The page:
Red Sox

Former Red Sox Manager of the Future Torey Luvullo Named Manager of the Year. For the Diamondbacks.

ESPN – Torey Lovullo of the Arizona Diamondbacks and Paul Molitor of the Minnesota Twins are the 2017 MLB Manager of the Year Award winners. Lovullo, in his first season with Arizona, managed the team to a 93-69 record — 24 more wins than last season, the second largest win increase from 2016 among all teams — and into the playoffs for the first time since 2011.

Of course he did. The guy the Sox let walk for nothing ends up being the best manager in the league. So lets just recap all this real quick. Torey Lovullo was hired by the Red Sox and John Farrell to be his bench coach before the 2013 season (he also worked under Farrell for two years in Toronto).

Lovullo was widely considered a future MLB manager and interviewed for managerial jobs after most of those seasons before coming back to Boston. He was the interim manager for the Sox down the stretch in 2015 when Farrell was diagnosed with cancer. The Sox played extremely well under Lovullo, leading many to speculate that the Sox would dump Farrell in favor of his bench coach. The Red Sox kept Farrell at the helm though with Lovullo returning as bench coach.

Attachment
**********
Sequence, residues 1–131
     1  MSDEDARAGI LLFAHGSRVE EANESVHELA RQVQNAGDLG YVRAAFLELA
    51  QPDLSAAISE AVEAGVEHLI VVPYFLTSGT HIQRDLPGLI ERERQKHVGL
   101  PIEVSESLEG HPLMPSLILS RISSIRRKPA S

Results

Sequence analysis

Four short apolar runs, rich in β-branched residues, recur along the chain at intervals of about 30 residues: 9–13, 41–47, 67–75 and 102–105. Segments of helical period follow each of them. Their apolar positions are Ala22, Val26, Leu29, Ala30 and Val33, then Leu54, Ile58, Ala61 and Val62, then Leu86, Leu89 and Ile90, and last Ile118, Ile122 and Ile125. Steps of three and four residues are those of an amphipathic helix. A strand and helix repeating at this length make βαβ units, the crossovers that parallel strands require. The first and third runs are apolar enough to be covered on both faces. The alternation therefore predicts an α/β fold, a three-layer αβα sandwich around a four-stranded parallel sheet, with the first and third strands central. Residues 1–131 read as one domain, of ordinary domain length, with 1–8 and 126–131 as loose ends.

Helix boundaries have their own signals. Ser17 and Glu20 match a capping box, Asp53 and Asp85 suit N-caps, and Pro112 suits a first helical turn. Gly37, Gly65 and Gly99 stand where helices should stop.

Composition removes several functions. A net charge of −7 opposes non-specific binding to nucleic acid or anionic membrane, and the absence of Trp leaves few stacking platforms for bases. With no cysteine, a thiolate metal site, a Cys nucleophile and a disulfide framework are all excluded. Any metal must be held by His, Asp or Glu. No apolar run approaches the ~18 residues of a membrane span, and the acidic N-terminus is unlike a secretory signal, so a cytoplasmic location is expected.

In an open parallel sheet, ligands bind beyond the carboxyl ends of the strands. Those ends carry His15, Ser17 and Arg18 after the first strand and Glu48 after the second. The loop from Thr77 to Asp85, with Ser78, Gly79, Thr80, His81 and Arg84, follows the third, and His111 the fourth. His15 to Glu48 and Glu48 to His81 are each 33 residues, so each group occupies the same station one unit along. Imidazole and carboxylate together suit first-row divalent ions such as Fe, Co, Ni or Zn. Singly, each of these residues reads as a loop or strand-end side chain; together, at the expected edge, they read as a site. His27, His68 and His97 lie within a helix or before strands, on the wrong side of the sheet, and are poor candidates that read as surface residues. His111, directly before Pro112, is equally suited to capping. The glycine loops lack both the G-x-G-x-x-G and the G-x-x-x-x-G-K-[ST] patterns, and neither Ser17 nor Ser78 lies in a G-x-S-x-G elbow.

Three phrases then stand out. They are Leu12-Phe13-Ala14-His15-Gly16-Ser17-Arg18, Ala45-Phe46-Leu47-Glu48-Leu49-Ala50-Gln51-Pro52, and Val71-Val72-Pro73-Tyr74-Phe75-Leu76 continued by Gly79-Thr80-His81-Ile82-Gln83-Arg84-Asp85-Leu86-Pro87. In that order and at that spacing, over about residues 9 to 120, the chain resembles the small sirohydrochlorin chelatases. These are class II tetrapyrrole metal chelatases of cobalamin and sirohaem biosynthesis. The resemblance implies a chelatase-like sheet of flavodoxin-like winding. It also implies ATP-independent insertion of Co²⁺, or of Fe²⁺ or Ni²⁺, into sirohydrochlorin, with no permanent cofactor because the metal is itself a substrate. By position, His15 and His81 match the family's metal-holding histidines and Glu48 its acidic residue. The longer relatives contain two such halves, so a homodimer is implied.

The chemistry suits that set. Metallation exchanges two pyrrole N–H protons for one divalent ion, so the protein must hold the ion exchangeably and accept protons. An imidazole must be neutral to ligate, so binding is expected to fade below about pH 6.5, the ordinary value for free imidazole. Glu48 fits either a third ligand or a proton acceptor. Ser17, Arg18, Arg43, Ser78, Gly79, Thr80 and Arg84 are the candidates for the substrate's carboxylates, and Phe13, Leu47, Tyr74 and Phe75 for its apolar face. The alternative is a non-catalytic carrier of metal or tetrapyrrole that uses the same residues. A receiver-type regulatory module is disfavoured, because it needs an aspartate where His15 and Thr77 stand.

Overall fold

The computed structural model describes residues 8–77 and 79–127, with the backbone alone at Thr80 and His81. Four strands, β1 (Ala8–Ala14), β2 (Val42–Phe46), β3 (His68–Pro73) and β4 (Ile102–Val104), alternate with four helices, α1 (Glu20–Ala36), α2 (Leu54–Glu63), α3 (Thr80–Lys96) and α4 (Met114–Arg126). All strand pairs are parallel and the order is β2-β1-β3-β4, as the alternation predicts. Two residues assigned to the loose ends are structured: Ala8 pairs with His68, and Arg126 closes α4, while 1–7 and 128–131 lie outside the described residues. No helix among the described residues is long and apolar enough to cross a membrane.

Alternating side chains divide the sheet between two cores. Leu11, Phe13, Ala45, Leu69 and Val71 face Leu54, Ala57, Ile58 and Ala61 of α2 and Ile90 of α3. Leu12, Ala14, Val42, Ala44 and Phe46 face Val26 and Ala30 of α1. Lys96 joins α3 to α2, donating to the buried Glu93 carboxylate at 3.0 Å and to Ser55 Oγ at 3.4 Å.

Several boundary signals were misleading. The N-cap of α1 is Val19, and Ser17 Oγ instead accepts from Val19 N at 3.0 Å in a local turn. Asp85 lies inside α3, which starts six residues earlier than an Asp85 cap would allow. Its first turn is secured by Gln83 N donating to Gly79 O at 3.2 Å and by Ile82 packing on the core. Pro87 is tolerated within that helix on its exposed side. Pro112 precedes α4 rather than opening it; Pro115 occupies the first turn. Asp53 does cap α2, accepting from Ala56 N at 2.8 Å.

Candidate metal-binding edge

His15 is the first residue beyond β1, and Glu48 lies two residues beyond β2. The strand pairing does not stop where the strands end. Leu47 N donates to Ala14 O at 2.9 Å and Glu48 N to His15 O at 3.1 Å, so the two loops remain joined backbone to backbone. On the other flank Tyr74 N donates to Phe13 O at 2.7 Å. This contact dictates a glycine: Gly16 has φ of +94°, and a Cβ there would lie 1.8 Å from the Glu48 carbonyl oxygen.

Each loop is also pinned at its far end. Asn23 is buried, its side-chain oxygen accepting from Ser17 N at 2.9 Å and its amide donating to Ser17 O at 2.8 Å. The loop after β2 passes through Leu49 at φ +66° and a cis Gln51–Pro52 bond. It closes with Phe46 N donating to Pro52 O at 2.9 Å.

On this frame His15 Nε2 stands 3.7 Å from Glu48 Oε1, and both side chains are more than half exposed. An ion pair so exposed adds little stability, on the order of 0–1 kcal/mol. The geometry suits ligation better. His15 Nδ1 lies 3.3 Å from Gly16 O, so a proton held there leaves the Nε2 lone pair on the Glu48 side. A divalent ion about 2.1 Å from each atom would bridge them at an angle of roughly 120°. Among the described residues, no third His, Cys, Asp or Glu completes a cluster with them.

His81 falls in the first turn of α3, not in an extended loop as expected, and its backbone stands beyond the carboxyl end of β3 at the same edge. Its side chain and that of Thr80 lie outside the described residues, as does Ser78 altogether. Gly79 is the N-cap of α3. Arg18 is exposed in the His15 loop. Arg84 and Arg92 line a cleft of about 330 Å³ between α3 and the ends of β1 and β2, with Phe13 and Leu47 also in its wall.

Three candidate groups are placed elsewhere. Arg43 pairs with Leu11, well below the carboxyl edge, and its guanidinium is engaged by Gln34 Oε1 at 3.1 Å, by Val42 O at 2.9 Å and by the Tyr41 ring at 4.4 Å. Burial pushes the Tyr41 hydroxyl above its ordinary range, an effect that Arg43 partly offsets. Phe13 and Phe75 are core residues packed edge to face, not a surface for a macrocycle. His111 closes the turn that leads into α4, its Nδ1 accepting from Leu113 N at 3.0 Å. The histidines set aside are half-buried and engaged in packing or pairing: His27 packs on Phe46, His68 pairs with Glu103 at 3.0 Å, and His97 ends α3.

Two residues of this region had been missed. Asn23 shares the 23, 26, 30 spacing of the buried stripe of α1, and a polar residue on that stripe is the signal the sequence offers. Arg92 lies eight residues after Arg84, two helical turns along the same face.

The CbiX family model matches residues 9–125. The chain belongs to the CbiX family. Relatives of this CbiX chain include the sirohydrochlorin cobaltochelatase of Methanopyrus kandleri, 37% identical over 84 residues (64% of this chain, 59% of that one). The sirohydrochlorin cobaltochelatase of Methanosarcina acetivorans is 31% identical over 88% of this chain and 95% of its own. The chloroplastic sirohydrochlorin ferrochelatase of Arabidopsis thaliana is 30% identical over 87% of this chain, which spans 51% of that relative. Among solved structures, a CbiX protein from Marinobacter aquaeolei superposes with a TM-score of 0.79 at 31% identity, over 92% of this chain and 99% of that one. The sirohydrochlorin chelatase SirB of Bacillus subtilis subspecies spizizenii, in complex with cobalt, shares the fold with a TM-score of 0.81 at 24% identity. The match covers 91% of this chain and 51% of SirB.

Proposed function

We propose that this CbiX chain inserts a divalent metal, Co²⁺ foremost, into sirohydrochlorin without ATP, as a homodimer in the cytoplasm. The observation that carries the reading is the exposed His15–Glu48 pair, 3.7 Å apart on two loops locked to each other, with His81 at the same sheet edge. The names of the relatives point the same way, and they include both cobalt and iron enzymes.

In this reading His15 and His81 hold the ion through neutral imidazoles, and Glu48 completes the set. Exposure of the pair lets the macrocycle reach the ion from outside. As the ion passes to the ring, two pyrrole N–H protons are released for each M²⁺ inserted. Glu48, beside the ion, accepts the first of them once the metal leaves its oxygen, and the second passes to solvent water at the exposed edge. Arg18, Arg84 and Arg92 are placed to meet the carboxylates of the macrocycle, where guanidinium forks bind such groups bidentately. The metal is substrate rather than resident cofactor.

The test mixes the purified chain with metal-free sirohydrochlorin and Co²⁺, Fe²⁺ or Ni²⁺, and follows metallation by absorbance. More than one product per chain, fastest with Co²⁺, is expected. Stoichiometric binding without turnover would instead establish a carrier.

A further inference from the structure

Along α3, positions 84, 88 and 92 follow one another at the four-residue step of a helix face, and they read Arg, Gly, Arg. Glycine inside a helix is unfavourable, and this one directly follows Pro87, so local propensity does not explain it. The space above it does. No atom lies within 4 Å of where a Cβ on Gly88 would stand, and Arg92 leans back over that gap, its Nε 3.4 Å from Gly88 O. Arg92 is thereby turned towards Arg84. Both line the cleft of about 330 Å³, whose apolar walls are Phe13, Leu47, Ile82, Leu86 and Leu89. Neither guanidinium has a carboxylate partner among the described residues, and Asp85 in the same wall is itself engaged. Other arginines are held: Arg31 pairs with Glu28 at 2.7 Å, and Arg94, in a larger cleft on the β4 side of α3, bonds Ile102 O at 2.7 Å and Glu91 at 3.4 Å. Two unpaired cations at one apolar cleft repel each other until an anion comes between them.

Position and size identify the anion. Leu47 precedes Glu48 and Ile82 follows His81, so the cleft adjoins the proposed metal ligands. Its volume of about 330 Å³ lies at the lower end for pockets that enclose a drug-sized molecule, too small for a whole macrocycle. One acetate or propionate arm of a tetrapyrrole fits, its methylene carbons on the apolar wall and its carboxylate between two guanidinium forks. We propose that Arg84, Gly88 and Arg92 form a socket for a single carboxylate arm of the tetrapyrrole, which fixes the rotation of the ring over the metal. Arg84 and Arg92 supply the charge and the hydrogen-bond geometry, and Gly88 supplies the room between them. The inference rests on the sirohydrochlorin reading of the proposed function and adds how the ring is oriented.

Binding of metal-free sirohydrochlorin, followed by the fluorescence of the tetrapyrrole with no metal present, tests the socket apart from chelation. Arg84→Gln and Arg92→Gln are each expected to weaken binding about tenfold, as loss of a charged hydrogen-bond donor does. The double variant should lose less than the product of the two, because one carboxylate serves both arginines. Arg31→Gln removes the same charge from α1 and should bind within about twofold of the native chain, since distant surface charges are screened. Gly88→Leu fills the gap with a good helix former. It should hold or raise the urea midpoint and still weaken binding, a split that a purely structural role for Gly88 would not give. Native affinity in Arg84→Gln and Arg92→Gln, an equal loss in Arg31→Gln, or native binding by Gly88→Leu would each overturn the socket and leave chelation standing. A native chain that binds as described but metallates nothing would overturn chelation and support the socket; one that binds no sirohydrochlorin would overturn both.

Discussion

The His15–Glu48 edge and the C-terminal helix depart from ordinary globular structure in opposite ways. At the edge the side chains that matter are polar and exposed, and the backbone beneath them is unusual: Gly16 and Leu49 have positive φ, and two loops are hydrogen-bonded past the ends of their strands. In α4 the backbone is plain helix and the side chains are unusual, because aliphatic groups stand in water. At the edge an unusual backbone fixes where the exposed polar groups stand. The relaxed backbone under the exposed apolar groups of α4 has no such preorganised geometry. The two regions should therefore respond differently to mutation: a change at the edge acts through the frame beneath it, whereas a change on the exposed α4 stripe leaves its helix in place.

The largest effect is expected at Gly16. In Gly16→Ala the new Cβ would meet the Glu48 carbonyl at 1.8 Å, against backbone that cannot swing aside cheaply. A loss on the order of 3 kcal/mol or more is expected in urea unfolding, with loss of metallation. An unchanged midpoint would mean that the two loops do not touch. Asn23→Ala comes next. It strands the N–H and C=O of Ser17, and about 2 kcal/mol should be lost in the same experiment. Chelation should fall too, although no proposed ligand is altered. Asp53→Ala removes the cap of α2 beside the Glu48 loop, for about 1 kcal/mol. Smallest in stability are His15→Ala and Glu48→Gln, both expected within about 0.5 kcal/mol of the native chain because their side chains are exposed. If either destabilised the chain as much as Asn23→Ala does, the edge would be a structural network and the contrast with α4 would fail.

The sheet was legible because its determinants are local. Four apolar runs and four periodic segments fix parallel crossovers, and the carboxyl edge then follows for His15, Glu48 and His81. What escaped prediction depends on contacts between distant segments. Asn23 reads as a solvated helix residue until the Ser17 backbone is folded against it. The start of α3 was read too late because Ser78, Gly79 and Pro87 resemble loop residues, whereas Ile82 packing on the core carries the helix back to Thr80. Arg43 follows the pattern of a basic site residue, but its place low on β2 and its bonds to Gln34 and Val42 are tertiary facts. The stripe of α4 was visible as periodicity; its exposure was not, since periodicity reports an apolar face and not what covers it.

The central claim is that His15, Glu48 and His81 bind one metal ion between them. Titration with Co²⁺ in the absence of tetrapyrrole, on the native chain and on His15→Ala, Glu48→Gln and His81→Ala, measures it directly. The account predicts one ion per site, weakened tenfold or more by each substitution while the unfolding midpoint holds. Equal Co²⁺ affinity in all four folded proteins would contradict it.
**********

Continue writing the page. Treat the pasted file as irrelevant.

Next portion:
Well the Sox gave Lovullo a two year extension for big money that all, but screamed he would replace Farrell once he was axed. The Sox instead stuck with Farrell through all of 2016 and let Lovullo walk to take the Diamondbacks managerial job, signifying they would be sticking with Farrell for the foreseeable future. Welp, just one year later after yet another playoff flameout the Sox finally did fire Farrell after the 2017 season, the same season in which Lovullo won NL Manager of the Year in his first season on the job.

So the Sox paid to keep Lovullo around as the heir apparent to Farrell, then refused to fire Farrell, let Lovullo walk, then a year later ended up firing Farrell anyways, all while Lovullo showcases an immense talent for the job and is named the best manager in the NL. Great asset management, John Henry.


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